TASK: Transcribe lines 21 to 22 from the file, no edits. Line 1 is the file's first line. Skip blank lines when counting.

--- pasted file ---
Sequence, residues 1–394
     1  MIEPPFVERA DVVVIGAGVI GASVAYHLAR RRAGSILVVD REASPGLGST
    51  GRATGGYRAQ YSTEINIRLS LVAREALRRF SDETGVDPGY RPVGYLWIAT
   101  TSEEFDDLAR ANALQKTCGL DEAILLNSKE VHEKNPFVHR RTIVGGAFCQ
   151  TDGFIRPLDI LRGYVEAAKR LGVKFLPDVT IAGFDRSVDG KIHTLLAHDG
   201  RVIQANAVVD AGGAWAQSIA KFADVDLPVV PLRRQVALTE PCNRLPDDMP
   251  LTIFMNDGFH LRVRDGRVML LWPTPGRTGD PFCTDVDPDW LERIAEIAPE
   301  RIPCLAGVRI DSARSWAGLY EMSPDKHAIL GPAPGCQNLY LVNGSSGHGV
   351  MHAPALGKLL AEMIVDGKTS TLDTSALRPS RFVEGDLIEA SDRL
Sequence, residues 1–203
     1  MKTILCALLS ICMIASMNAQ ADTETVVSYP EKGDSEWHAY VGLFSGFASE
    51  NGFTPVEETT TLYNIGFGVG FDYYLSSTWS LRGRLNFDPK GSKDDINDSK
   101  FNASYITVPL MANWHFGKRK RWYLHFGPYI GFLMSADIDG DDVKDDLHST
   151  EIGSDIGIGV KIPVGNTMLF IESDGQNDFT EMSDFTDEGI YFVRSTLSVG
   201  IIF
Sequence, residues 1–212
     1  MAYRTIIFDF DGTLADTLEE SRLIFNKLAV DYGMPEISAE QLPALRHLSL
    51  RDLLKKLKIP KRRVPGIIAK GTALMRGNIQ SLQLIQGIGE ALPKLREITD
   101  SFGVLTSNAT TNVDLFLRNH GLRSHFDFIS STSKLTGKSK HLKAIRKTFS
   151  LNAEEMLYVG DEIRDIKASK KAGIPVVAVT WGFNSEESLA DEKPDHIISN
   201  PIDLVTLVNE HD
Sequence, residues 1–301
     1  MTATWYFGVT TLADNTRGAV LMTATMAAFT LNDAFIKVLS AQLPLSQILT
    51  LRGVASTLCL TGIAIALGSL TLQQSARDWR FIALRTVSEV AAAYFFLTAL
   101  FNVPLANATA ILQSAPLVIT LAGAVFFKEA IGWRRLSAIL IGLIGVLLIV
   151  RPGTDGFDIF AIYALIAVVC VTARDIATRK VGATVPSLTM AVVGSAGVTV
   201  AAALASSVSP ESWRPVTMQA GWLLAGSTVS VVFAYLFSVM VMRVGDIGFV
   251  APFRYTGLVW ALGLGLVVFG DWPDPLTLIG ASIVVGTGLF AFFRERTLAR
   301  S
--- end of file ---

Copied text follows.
   201  PIDLVTLVNE HD
Sequence, residues 1–301